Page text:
The government of the People’s Republic of China (PRC) leads the global expansion in using Artificial Intelligence (AI) tools to monitor and surveil citizens, which along with mass stepped-up surveillance and censorship policies and campaigns further deteriorate human rights situation in the PRC.
A new report released by the Tibetan Centre for Human Rights and Democracy (TCHRD) documents how Tibetans in and out of China occupied Tibet are not only censoring themselves, they are censoring each other because Chinese authorities have made censorship the responsibility of the whole populace. Various methods of mass surveillance such as the “Grid Management” and “Double-Linked Household” systems obligate individuals to report suspicious activity and betray one another or face consequences.
Chinese authorities rely on a strict and pervasive disciplinary machine to punish individuals it sees as a threat, which has resulted in extraordinarily high level of mutual self-censorship among Tibetans. The power of the Chinese Party-State’s influence relies on a combination of basic surveillance and control instruments, a hierarchized system of monitoring and observation and distributed responsibility, and a normalization of fear, judgment, and social distrust.
The changes in China Occupied Tibet over the last decade represent a systematized social control mechanism that ignores human rights such as the freedom of speech, religion, and peaceful assembly. Online surveillance, CCTV cameras, bugged homes, and checkpoints provide simple instruments of observation and monitoring to expand the influence of the state. This ensures a maximum number of points of contact between the state and the Tibetan people through which power and influence can flow.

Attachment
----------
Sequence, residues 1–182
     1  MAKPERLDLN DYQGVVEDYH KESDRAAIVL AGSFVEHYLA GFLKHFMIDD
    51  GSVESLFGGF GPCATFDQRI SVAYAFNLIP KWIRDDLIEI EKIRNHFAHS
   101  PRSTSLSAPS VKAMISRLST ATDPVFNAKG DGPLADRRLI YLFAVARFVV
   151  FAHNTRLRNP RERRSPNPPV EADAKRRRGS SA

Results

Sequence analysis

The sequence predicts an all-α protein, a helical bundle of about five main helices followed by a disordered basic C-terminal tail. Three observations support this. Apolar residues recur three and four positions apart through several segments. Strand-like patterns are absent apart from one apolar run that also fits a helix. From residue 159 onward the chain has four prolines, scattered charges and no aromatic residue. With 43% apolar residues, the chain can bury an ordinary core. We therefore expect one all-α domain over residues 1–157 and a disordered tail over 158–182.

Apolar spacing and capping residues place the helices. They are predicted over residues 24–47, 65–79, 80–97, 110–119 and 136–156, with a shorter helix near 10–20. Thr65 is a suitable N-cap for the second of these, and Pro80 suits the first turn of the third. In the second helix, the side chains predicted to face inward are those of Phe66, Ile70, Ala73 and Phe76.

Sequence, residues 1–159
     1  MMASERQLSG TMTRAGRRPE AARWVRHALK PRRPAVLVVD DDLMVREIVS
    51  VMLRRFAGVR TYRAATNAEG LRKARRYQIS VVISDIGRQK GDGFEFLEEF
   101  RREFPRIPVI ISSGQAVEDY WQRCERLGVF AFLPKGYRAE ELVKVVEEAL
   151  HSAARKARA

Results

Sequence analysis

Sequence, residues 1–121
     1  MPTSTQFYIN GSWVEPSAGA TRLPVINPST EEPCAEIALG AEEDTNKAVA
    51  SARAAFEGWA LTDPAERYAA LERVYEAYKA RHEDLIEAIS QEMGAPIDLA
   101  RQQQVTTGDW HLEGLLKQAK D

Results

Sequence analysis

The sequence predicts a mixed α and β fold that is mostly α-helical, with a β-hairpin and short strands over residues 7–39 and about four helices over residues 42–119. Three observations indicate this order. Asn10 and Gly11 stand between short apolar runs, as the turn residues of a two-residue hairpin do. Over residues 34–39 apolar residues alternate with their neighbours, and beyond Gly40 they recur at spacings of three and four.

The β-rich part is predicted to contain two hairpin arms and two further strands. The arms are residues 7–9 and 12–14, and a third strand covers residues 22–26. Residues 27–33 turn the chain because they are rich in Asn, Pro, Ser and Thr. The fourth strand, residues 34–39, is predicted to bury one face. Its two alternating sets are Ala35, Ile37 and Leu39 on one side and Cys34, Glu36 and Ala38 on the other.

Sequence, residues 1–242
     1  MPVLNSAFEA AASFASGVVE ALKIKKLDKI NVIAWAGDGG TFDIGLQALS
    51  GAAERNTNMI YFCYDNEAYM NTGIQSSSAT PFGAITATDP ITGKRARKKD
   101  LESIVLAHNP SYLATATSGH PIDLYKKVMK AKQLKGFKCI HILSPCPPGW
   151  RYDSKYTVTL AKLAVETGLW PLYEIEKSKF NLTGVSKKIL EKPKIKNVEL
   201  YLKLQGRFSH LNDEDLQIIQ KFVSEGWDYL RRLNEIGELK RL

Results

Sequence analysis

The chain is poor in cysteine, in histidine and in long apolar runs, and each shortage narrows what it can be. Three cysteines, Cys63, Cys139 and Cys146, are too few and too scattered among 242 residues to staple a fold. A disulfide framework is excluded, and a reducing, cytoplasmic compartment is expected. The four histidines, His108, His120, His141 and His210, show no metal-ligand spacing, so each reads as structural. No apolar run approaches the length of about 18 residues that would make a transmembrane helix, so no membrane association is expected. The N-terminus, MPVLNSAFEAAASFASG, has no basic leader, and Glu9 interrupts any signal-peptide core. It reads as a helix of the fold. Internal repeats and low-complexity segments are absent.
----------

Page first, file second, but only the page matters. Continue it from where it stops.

Digital laws enlist Chinese internet companies into the hierarchy of surveillance, and the “Grid Management” system distributes the power and influence of the Chinese state across China Occupied Tibet. The “Advanced Double-linked Households” system and other policies5 compelling individuals to report suspicious activity bring the entire population into the hierarchy of control and surveillance, obligating individuals to report and betray one another or face consequences. The Party-State punishes any dissenting opinions or behavior and pushes state propaganda, ‘normalizing judgment’ and enacting a power structure that disadvantages Tibetans and penalizes expression of Tibetan political and cultural identity.
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Since 2008 when Tibetans held widespread protests calling for freedom and return of the Dalai Lama, Chinese authorities have tightened control to ensure that such an event will never happen again. In 2012, the Party authorities appointed Chen Quanguo as the Party Secretary of the Tibet Autonomous Region (TAR), where he set about optimizing the power of the Party-s`tate in Tibet. His prototype model of social control has proved highly successful in silencing Tibet and encouraging the rapid forced assimilation of Tibetans. In addition to the “Grid Management” system under which counties are subdivided into cells for intrusive monitoring and surveillance, a network of thousands of “convenience police posts” collects biometric data on the population and serves as outposts or checkpoints in the event of potential unrest. These police posts range across the entire region, with plans for building at least one such post in each of TAR’s 5464 villages, serving to extend the physical presence of the Party-state into every nook and corner of China Occupied Tibet. Integrated computer systems track the movement of individuals between cells, relying on a combination of CCTV cameras, purchases, and satellite tracking.